Graduation Giggles

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This is one of those weeks that my creativity has been drained and I’m not sure what to write about. So I thought I’d tell you why my brain isn’t coming up with anything terribly original for this week’s blog. It’s been on overload for quite awhile.

As many of you know, I successfully completed a six-week course to become a stand-up comic at the Students of Stand-up School at the Camino Real Playhouse in San Juan Capistrano. It was one of the most fun experiences of my life and “graduation” was a live performance in front of an audience, presumably filled with family and friends.  I had a wealth of  material just from living the life I live, so that part wasn’t hard. The hard part was being able to tell those stories and make people laugh.

By the way, I don’t think anyone who ever takes the course fails. Therefore, I probably didn’t need to use the word “successfully” in the opening line of this paragraph.

I was a wreck that whole day of my debut performance/graduation…I compared it to knowing you are going to have labor induced. The end result will be great, but you have to get there first.

I was with an exceptional group of people in our class and we had a great camaraderie right from the start. When your classmates are still laughing at the same stories you’ve told to them every week for five weeks that speaks volumes in itself. Tom Riehl, our instructor (for lack of a better title) has been performing for 18 years and happily shared his expertise, even helping each of us come up with some punch lines and tag lines for our bits.

You know what I learned most of all? Comedy is hard!

I came away with a new respect for people like Robin Williams and Jerry Seinfeld. Granted, they each probably have a stable of writers to help them out now, but when they started they were in the same boat we who graduated just set sail in. Originality in comedy has a formula. That was something else I learned. I have been watching my favorites perform for so many years that it just seemed natural, which is a gift. Next time you watch one of them on TV, pay a little attention to their rhythm. Good comics should have a laugh every 15 seconds…Robin and Jerry (very forward of me to refer to them by first names only, don’t you think?) probably have a laugh every 5-10 seconds…and applause.

If I had a laugh every minute I was thrilled. Wait, correction…every minute and a half!

Despite my anxiety, I didn’t panic …I attribute that to the glass of wine I had before going onstage. I’d made sure that MOTNSO (“More Often Than Not Significant Other”) was not in the front row because those were the only people I could actually see  because of the blinding spotlights.

It didn’t start out well when after Tom introduced me and left the stage I couldn’t get the microphone in the right spot for my height…I talk with my hands so I opted to leave it in the stand instead of holding it. A call out from a friend in the audience made me laugh (“You go, girl!”) and suddenly I felt almost at home there.  And so it began…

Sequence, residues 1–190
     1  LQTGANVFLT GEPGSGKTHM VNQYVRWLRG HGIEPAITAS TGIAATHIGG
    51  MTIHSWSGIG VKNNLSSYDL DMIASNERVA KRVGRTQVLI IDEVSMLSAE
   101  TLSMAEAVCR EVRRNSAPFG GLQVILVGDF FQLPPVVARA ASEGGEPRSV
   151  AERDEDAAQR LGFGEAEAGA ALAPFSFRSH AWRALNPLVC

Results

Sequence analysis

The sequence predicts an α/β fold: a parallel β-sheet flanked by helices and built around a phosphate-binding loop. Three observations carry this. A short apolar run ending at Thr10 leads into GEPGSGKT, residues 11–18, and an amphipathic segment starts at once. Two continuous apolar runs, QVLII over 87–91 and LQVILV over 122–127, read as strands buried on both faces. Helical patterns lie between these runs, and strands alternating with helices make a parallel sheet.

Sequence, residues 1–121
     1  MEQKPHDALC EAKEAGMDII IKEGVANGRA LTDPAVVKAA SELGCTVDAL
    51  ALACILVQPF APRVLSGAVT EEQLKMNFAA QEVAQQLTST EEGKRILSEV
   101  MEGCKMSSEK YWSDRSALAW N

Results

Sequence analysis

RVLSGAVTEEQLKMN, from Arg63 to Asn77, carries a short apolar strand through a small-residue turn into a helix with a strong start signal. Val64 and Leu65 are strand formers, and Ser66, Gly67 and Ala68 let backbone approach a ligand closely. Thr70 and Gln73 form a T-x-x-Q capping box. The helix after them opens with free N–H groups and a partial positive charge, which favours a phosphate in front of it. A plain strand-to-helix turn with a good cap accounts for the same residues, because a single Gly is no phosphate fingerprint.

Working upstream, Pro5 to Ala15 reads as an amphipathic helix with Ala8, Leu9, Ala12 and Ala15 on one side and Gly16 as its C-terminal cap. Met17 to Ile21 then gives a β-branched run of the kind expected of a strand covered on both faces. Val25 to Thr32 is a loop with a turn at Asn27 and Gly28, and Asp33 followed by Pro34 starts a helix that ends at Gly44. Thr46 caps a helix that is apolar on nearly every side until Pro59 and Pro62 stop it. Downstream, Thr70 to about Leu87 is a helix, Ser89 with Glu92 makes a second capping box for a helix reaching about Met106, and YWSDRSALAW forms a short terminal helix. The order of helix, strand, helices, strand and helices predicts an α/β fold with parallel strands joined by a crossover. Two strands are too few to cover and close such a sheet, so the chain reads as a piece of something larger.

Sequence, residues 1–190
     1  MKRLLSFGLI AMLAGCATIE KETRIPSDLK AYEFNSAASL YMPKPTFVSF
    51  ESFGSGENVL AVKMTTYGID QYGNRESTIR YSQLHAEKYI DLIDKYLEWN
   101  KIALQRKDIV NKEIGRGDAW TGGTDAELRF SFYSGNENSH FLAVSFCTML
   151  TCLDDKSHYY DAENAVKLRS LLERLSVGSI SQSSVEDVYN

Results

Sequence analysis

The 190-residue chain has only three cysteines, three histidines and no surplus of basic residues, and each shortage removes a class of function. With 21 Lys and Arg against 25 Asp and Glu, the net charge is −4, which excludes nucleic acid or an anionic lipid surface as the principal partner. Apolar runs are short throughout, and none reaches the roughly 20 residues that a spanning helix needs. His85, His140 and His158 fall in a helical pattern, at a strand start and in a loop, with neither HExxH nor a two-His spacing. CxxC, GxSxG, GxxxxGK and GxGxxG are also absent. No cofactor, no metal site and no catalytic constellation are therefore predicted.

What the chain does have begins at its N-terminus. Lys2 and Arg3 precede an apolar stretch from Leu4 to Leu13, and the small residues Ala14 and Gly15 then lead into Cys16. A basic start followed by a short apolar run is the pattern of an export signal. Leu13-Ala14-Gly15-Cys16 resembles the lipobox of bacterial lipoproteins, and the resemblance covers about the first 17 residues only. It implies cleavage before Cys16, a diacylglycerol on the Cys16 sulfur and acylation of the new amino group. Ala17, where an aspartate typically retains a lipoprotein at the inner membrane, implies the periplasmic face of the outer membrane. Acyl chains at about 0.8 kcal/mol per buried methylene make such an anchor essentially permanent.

It felt really good for seveal reasons:

First, people did laugh even though some of them already knew my stories because they knew me. I missed a couple of spots and forgot at least two of my jokes (but as Tom kept telling us “If you forget one the only person who will know is you.”)

Secondly, I went waaaaay out of my comfort zone for the first time in a long time. I kept telling myself  ”What’s the worst thing that can happen? people will laugh at you?” Wasn’t that the idea? (I didn’t dare think that the worst thing would be if people didn’t laugh at me.)

Thirdly, I did something I’ve always wanted to do but before this never had the courage. This was on my bucket list! With the support of my new comedy buddies ( BIG shout out to Wendy “Gwen” Gallo, Barry Gorelick, Walt Stevens and Nancy Pirozzi…and, of course, Tom Riehl!) I got up there and had a fantastic time…if you’ve missed it (although I’ve had it all over the place so it would be unusual if you haven’t seen it!!) Here’s the link, as well as links for my professional friends’ websites…I’m officially their “groupie”…hope you enjoy it as much as did!

My performance:

Students of Stand-Up (Tom Riehl, Unriehl Productions)   … also:

South Coast Comedy/Honey Productions:

Camino Real Playhouse:

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One Response to Graduation Giggles

  1. Le Abrams says:

    I also took classes at a Comedy School called “Improv” in DC. I loved it but when I went on stage it was a different matter. I have great material; delivering the material is very difficult and you have to know your audience.

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